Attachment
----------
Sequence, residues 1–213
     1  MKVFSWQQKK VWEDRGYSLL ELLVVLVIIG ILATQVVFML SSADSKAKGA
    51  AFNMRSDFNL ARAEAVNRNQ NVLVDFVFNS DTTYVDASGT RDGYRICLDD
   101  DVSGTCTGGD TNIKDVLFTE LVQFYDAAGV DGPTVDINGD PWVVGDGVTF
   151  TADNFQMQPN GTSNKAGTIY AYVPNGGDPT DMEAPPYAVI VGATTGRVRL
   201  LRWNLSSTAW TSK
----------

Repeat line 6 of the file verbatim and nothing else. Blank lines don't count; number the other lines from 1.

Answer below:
   201  LRWNLSSTAW TSK